Diarrhea caused by bacterial, viral, and/or parasitic infection represents a significant worldwide healthcare burden. Each year, there are two billion instances of diarrheal disease globally, resulting in nearly two million deaths.1 The World Health Organization (WHO) estimates that diarrhea is the cause of or is a major contributor to approximately one-quarter of all post-neonatal childhood deaths.2 In the U.S., an estimated 1.4 episodes of acute diarrhea occur per person each year.3 Infectious diarrhea and foodborne illness are responsible for more than 300,000 emergency department visits and 225,000 inpatient stays each year in the U.S. and are associated with healthcare costs of about $1.8 billion.4
Management of diarrheal illness is greatly complicated by the overlapping symptoms associated with pathogenic and non-pathogenic causes of diarrhea. From afar, diarrheal infection can be classified into two categories based on the source of infection: healthcare-acquired diarrhea and community-acquired diarrhea. Healthcare-acquired diarrhea is a diarrheal infection acquired within the hospital or in connection with receiving medical care. Clostridium difficile is typically the cause of these infections, which are a major healthcare concern and require antimicrobial treatment. Community-acquired diarrhea, on the other hand, are those infections caused by environmental enteric bacteria, viruses, or parasites. These infections can be caused by a number of different sources including contaminated food and water sources, and are typically milder in presentation than healthcare-acquired diarrhea.
Community-acquired diarrhea affects millions alone each year in the United States alone, second only to respiratory il lness for prevalence and stated reason for physician visit. These infections are usually transmitted by contaminated food or water sources, but can also be transmitted person-to-person, as in the case of norovirus. Typically, in healthy adults, these infections are self-limiting and do not require antimicrobials to clear the infection. Community-acquired diarrhea can, however, have greater clinical implications in the very young, the elderly, and the immunocompromised. Symptoms associated with these infections range from asymptomatic to mild symptoms including watery diarrhea with nausea to the most severe symptoms, which include diarrhea and nausea accompanied with fever/chills, abdominal cramps, and hypotension. In the case of shiga-toxin producing E. coli (STEC), the potentially fatal condition hemolytic uremic syndrome (HUS) can occur.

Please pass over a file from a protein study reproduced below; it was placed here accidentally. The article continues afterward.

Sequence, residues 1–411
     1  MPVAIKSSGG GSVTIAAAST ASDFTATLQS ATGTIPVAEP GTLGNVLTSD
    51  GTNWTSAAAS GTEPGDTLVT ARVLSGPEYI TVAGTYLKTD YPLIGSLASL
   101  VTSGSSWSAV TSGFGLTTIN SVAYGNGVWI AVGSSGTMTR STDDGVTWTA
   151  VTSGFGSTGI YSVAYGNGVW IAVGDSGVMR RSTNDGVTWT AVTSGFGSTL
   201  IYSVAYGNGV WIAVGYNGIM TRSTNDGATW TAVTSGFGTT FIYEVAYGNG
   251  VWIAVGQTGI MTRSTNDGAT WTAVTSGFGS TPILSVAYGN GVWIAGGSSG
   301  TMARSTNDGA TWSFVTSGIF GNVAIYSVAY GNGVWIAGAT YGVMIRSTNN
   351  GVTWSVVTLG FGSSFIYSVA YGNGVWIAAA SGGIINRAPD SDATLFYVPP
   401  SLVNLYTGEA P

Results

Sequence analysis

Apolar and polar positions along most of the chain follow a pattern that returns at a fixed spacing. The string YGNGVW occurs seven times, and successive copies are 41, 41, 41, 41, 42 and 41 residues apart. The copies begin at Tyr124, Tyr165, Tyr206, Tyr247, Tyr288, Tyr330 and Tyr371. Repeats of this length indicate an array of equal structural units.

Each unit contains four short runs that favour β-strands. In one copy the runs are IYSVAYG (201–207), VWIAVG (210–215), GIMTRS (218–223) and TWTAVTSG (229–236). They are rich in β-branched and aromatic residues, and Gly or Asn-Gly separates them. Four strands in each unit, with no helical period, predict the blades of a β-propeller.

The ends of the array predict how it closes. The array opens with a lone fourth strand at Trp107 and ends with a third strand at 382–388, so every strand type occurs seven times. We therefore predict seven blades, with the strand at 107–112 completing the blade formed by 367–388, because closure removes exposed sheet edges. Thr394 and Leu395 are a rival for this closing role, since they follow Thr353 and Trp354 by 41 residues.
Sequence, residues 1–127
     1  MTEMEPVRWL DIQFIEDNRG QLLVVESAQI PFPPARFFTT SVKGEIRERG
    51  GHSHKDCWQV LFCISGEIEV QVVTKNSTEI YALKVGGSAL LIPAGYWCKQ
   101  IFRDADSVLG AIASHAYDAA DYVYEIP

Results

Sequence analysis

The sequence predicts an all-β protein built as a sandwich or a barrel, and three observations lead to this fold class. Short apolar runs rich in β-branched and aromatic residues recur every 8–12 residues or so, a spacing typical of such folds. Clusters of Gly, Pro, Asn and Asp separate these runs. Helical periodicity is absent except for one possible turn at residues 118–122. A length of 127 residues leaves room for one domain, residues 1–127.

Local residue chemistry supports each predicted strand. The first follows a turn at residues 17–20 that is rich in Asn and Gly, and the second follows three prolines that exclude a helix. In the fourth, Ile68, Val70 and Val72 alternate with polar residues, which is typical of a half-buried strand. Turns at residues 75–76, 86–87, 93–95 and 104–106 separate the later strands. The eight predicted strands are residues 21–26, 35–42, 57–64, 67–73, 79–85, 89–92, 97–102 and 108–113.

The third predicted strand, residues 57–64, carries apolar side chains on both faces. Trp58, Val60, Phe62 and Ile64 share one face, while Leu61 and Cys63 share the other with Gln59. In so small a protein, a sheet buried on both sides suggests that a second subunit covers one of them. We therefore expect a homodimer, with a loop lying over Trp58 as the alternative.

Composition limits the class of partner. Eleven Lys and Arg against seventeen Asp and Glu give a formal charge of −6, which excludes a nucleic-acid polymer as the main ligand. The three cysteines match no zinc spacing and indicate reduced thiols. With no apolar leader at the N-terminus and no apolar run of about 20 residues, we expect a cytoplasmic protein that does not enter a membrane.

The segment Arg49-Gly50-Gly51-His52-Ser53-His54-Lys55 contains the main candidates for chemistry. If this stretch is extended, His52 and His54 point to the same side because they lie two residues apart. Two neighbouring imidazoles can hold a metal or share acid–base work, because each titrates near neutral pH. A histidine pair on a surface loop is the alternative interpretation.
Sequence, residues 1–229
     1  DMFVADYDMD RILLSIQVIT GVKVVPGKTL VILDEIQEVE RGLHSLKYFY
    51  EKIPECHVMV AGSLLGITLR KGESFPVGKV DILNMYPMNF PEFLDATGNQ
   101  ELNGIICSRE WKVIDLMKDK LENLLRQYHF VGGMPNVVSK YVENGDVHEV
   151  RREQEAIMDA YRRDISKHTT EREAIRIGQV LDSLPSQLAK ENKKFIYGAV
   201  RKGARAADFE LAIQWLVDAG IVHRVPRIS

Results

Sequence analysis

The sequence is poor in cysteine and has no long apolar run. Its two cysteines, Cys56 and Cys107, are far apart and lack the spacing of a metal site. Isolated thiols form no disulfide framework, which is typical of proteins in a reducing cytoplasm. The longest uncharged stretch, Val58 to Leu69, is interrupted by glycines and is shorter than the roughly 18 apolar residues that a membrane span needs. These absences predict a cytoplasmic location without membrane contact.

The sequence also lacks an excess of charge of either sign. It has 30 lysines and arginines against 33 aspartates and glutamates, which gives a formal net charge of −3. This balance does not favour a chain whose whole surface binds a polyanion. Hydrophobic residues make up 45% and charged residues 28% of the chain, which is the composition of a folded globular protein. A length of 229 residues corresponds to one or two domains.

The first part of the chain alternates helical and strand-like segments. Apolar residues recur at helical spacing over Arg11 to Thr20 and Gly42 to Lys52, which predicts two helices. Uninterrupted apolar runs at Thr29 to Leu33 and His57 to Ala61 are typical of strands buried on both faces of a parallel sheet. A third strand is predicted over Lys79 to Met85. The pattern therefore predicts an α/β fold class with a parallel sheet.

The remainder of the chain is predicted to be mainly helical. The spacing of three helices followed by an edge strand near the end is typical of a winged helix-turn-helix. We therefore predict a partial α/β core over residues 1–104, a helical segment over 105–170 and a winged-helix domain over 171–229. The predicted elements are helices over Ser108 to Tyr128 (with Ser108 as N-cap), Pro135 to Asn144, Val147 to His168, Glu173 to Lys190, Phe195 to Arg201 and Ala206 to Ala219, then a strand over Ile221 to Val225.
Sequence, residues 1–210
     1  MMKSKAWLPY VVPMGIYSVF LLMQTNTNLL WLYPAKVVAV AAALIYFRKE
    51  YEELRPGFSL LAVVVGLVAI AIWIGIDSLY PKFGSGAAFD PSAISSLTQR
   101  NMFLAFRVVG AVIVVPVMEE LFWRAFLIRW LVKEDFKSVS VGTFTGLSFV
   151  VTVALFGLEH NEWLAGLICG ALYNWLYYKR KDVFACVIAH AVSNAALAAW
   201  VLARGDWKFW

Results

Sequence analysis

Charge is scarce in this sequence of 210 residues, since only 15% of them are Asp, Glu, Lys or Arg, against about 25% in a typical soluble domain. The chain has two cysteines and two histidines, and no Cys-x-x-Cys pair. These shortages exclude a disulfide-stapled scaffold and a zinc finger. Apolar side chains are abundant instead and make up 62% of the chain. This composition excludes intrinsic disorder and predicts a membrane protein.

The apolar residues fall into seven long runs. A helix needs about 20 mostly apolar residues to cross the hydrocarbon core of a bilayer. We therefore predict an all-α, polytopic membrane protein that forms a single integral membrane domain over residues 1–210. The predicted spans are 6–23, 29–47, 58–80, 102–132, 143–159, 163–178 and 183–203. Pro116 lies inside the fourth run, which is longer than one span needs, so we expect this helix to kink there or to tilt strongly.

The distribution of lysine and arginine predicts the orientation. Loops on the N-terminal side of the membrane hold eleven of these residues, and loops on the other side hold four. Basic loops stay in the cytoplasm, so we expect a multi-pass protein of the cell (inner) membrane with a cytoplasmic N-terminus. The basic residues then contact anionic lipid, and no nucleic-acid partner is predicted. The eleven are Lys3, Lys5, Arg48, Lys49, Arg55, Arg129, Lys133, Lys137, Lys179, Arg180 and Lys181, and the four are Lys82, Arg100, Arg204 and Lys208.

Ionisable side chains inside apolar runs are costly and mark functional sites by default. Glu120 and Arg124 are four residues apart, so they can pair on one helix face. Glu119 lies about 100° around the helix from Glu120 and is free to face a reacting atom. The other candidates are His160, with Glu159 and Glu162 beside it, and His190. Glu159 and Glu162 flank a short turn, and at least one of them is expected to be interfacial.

The current diagnostic challenge associated with detection of community-acquired diarrhea is twofold. Since clinical presentation of diarrheal disease does not narrow down the potentially responsible pathogen(s), physicians often end up taking the “shotgun” approach to diagnostic testing by ordering testing for a majority of stool pathogens. If physicians are able to characterize the patient’s history, it could greatly narrow the number of diagnostic tests necessary for a given patient. On the diagnostic end, stool culture and ova and parasite (O&P) remain the gold standard diagnostics. Though generally considered sensitive and specific, these procedures are labor-intensive, unpleasant for technicians, can take as long as 5-7 days to produce definitive results in the case of stool cultures, and require a high degree of technical skill in the case of performing O&Ps. Together, the excessive ordering of stool pathogen testing by physicians paired with less-than-ideal diagnostic options has led to what some consider significant inefficiencies in the clinical laboratory. As a result, medical technologists can spend unnecessary time working up negative stools, which can account for upwards of 95% of stools samples submitted for testing. Confirmation of a negative stool sample takes as few as 1-2 hours with a rapid diagnostic test, allowing laboratories to reallocate medical technologist time to other priorities.